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PostPosted: May 13th, '16, 15:57 
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Hi all,

I'm prone to either writing epics or leaving out important information. I'll try to be concise but no doubt will manage to fail on both counts. To save you the pain of reading my life story I'll start with the question, although I'm not entirely sure what the question is.

Some of you live around the greater brisbane area, and own the larger trailer yachts. At the risk of sounding cheeky I wonder if any of you would be willing to give me a peek at your boats, and better yet let me crew for you at some point ?

The epic:

Learned to sail in the late 80's on keel boats.

Went yacht racing once, never again. Good luck to you if you like it, I don't. I'm no string twiddler, that was the worst days sailing I've ever done.

In the late 90's I discovered the catamaran, love them. Not for speed nor even flat sailing, it was the EASE of sailing that got me hooked. You just wave a bit of dacron at the wind and your off..ok I'm lazy :)

I had been boatless for these last few years. I still have my recreational rowing shell (I also love rowing), and am ready for another yacht.

The purpose is specific. Cruise up the east coast once a year to Port Douglas. Day sailing is unnecessary. Myself and possibly a lady.

I want an enclosed head, comfortable double berth and ideally a shower. I don't sail at night and stick as close to land as I can. Obviously I don't go out in bad weather and try to stay as close to shelter as possible.

I live west of the city but 2 kms from a boat ramp. I won't be towing long distances. I am aware of the weight issues.

I've long been fond of the RL28 but have not sailed on one. The accommodations are spot on and they have I believe a good reputation. Obviously I could sail the coast on a smaller boat, but I'm not aware of smaller boats with a shower.

I assume there is no need here to discuss the advantages of a trailer boat vs moored, hard stand and marina.

You might be thinking a farrier would be ideal, and it would, but to get the bathroom I'd have to go to an F9. The cheapest I've ever sen an F9 was $70k, and given you can get a good moored cat for about half that you could pay an awful lot of maintenance and storage fees for $35k+ and have a more comfortable boat to sail. I'm not a huge fan of the gigantic cruising cats, but something about 30' is still a very big boat.

So I would very much appreciate any thoughts. I've spent hours reading threads here, and elsewhere. Unfortunately no amount of reading replaces first hand experience. Nevertheless I acknowledge I may be missing something so would be happy to read any comments you have.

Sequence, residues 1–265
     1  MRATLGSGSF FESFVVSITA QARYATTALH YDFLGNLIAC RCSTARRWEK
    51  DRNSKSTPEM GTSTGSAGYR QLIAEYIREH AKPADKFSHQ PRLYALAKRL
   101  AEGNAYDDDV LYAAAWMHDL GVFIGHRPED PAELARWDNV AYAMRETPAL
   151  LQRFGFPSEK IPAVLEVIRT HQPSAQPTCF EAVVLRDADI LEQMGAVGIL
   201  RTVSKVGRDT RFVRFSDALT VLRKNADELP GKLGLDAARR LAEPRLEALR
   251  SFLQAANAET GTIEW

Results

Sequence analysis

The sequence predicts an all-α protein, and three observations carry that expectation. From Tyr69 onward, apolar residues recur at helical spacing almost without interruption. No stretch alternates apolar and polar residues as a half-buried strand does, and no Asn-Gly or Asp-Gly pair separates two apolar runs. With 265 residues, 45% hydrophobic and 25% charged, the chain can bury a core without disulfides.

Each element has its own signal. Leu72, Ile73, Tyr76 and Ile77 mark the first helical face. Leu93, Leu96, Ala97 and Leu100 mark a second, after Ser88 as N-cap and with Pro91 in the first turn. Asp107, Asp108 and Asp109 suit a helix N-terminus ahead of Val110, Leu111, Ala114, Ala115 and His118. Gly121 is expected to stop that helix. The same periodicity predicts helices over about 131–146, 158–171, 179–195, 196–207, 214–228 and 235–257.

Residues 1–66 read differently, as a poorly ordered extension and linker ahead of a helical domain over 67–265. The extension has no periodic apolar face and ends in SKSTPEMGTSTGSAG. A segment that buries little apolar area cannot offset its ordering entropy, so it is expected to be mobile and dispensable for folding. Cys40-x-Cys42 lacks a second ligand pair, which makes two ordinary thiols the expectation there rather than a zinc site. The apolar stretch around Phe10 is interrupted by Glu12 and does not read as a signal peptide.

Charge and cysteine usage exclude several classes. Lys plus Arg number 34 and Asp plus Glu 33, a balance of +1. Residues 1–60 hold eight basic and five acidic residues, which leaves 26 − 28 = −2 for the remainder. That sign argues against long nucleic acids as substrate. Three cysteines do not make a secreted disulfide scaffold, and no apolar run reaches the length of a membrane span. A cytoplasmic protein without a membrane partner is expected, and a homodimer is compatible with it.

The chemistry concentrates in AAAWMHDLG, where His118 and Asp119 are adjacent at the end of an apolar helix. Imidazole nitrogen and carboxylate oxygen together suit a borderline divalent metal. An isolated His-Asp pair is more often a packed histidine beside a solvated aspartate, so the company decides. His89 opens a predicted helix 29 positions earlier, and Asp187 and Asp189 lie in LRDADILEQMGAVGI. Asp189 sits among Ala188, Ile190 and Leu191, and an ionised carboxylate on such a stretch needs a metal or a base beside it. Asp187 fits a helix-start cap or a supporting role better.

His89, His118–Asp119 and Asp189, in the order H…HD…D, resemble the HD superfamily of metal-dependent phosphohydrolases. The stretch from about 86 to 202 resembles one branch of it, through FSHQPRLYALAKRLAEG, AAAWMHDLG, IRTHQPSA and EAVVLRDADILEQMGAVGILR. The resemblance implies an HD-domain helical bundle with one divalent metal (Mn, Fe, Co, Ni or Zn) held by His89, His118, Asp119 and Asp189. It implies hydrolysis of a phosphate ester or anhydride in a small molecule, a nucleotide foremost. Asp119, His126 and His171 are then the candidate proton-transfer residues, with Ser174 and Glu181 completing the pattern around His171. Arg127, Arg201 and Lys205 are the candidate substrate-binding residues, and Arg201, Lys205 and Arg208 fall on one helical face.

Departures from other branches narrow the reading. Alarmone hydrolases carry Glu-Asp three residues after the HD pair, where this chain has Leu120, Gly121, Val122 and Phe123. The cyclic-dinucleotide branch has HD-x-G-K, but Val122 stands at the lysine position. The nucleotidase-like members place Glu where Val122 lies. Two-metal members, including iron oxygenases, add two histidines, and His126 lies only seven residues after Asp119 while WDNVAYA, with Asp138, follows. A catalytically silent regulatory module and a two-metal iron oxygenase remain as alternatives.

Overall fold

Thank you for reading.


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PostPosted: May 13th, '16, 16:44 
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Hi Guzzis3 and welcome

Many of the larger TS's (25 feet up) and a few of the slightly smaller one have a private head, a shower is an easy retro fit into most of these, thats certainly one mod thats on my list (along with countless others) for the winter, a couple of hundred dollars would get the job done, you can buy the sumps with a bilge pump and float switch for around $90, so dont let the lack of shower be a deal breaker

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PostPosted: May 13th, '16, 17:42 
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Thank you for the reply.

Yes I'm happy to add it in, provided there is space. I'd be quite happy with a smaller boat, but I want the accommodations.

I suppose my issue is I've not been on a displacement boat for some time, and then they were keel boats, not trailer sailors. In fact I can't remember ever sailing on a trailer sailer. I guess what I want is to try it and see how I feel about the way the boat sails and the speed available.

Whatever I get will be a compromise, that is life. I'm trying to decide what compromises I'm happiest with...


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PostPosted: May 13th, '16, 19:47 
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guzzis3 wrote:
Some of you live around the greater brisbane area, and own the larger trailer yachts. At the risk of sounding cheeky I wonder if any of you would be willing to give me a peek at your boats, and better yet let me crew for you at some point ?